Why does every single Trek show (apart from DS9) feel the need to do the whole Vulcan / human conflict? We had it in TOS, we had it in TNG but with Data as the emotionless character trying to fit in with humans. And then in Voyager and Enterprise. Why do we need it yet again?

And it's not like they even did anything interesting with it this time. A human trying to be Vulcan is going to play pretty much the same as Spock did it with only tiny variations.

Even if they are contractually obliged to have an emotionless character couldn't we have had something new? Maybe a Vulcan captain and human subordinates (although that would require an alien to smash the Transparent Aluminum Ceiling)? Or perhaps something really out there like a half-Vulcan / half-Betazed ship's councillor.
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Offline Colonol Dekker

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Re: Star Trek Discovery -- This is the good ****
There's probably Troi fanfic to that effect. ... :shaking:
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Re: Star Trek Discovery -- This is the good ****
There's probably Troi fanfic to that effect. ... :shaking:

Lwaxana-Sarek fanfic.

...

You didn't say what generation of Troi would be involved.

 

Offline The E

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Re: Star Trek Discovery -- This is the good ****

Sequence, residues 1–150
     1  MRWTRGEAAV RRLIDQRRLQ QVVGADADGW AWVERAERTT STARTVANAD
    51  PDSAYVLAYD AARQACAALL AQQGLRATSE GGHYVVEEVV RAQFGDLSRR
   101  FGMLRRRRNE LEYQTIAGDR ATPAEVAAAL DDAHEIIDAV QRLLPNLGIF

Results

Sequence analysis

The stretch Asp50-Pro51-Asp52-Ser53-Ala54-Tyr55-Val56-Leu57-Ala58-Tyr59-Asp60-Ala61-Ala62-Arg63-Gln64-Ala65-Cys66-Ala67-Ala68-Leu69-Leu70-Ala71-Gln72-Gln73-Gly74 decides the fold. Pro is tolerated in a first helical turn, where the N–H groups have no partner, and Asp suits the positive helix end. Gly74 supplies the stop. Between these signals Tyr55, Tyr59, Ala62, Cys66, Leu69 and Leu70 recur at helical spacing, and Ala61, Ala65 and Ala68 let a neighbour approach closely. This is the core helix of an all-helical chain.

My heart sank pretty early when I realised they were doing the whole Vulcan first officer AGAIN.

Why does every single Trek show (apart from DS9) feel the need to do the whole Vulcan / human conflict? We had it in TOS, we had it in TNG but with Data as the emotionless character trying to fit in with humans. And then in Voyager and Enterprise. Why do we need it yet again?

And it's not like they even did anything interesting with it this time. A human trying to be Vulcan is going to play pretty much the same as Spock did it with only tiny variations.

Even if they are contractually obliged to have an emotionless character couldn't we have had something new? Maybe a Vulcan captain and human subordinates (although that would require an alien to smash the Transparent Aluminum Ceiling)? Or perhaps something really out there like a half-Vulcan / half-Betazed ship's councillor.

I am pretty sure we are not watching the same show. If you think Burnham is emotionless, or that her retreating into stoicism is a source of conflict for anyone except Burnham herself, you must have seen completely different episodes than what were aired.
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Let us begin to feel again
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Offline karajorma

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Re: Star Trek Discovery -- This is the good ****
I am pretty sure we are not watching the same show. If you think Burnham is emotionless, or that her retreating into stoicism is a source of conflict for anyone except Burnham herself, you must have seen completely different episodes than what were aired.